aquafil netting

[Photo: Courtesy of Aquafil]

How one supplier for carpet manufacturers is making radical changes toward a circular economy

Fifty-three years ago, few could have guessed that a company founded to create yarn for textile flooring in Arco, Italy, would become an international leader in creating sustainable, circular economies. Even fewer may have guessed that organization would become a model for creative partnerships.

“At the beginning it was quite a traditional business,” says CEO Giulio Bonazzi, second generation leader of the family-owned Aquafil, a top supplier for commercial and residential carpet manufacturers. As the business expanded, Bonazzi moved quickly up its leadership chain. He started first as an assistant production manager at the Arco plant before taking over division management and then moving on to spearhead the company’s move into its Slovenia operations.

Bonazzi soon reached the helm of the family business, where, in 2011, he had the idea to combine waste reduction with the production of nylon, Aquafil’s primary product. At that point, the company morphed into something decidedly nontraditional.


GBD Cover

[Photo: Courtesy of Aquafil]

New Model(s)

Nylon 6—or polycaprolactam—is one of the most commonly used nylon products across industries, from aircraft to electronics to clothing and construction.

Aquafil’s standout product, ECONYL®, is a nylon 6 fiber derived fully from regenerated waste materials. It’s been loudly featured in products like Speedo swimsuits and designer Stella McCartney’s Falabella GO bags. More quietly, ECONYL fabrics meet almost every need across the residential and commercial building sectors: Interface, Milliken & Company, Desso, and Modulyss are all using ECONYL fibers.

[Photo: Courtesy of Aquafil]

aquafil cutting fiber

Approximately one-third of all the nylon 6 yarn made by Aquafil is made with ECONYL. [Photo: Courtesy of Aquafil]

Today, approximately one-third of all the nylon 6 yarn made by Aquafil is made with ECONYL. This is no side project.

But despite his vision for a closed-loop nylon economy, or perhaps because of it, Bonazzi knew Aquafil couldn’t collect and recycle nylon on its own. The story of ECONYL’s development is also the story of Aquafil’s breakout into the world of sustainability partnerships. “We needed to find partners outside of our supply chain to develop a reverse logistic that could assure a constant supply of waste material to a plant running 24-7-365,” Bonazzi says.

As it turns out, Bonazzi’s team found many.

aquafil econyl partnerships

What’s Next

Aquafil’s success with its ECONYL partnerships are exciting, but they aren’t the end of Bonazzi’s vision.

He’s mostly secretive about what’s coming down the line, but he is excited about the upcoming partnership with Genomatica, a San Diego–based biotechnology company and manufacturing innovator.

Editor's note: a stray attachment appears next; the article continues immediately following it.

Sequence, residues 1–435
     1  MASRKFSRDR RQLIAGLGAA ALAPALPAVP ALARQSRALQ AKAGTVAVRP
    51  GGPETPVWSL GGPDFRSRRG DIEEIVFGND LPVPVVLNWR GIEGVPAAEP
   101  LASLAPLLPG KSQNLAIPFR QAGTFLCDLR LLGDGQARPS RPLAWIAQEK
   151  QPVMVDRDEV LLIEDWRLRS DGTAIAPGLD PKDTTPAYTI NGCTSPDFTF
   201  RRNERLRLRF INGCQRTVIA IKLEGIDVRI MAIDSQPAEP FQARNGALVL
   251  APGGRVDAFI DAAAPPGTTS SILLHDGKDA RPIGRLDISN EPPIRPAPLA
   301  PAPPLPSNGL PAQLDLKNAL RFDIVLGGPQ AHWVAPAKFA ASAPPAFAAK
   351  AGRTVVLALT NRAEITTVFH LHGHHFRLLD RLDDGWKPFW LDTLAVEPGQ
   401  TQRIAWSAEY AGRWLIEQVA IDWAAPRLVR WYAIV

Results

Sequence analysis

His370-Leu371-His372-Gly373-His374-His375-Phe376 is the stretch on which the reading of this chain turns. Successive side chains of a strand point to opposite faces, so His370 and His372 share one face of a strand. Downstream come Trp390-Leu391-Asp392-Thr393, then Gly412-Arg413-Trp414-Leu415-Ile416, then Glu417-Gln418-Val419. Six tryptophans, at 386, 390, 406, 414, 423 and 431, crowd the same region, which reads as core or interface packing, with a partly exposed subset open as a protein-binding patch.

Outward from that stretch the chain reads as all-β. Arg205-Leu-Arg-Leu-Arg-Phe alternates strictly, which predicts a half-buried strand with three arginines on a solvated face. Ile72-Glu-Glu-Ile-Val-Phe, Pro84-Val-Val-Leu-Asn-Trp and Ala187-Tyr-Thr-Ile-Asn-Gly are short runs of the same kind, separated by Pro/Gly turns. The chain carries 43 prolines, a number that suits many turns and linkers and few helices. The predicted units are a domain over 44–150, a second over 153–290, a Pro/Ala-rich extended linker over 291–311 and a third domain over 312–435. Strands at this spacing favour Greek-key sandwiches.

The two companies have announced a multi-year agreement to create sustainable caprolactam, an organic compound and an ingredient integral to producing 100% sustainable nylon. The collaboration will work to develop a commercially advantageous caprolactam using plant-based renewable ingredients, instead of the fossil fuel–based materials more traditionally used by the nylon industry.

“This is a project we will be involved in for the next several years and we are very excited about,” Bonazzi says, underscoring his real goal: radically transforming the carpet industry through partnerships and circular economy.

bonazzi headshot

[Photo: Courtesy of Aquafil]

Q&A with Giulio Bonazzi

Q: Over your years of working on diverse projects with diverse groups, when have you found collective action and partnerships to work best or to be most beneficial?

A: The most beneficial collaborations are the ones that are connected to the business models of partners. Everyone does what they know best and what they need to do from a business standpoint. All together, they are also helping the environment and improving production processes.

Q: What makes a good sustainability partnership? What makes a bad one?

A: It goes back to a connection to a partner’s business model: So the partnership is not something special that you do once and then forget about. It’s something that brings a profound change in the way you manufacture your product and in the way you do business.

Business culture is also important. It’s fundamental that people in the partnership have a similar DNA and a common, clear goal that is beneficial for everyone and for the community. This leads to longer commitment, which is what is needed for a real system change.

Q: What about these partnerships keeps you inspired?

A: Entities in different industries and with different backgrounds coming together for a common goal!

Learn more about Aquafil and see more gb&d textile stories.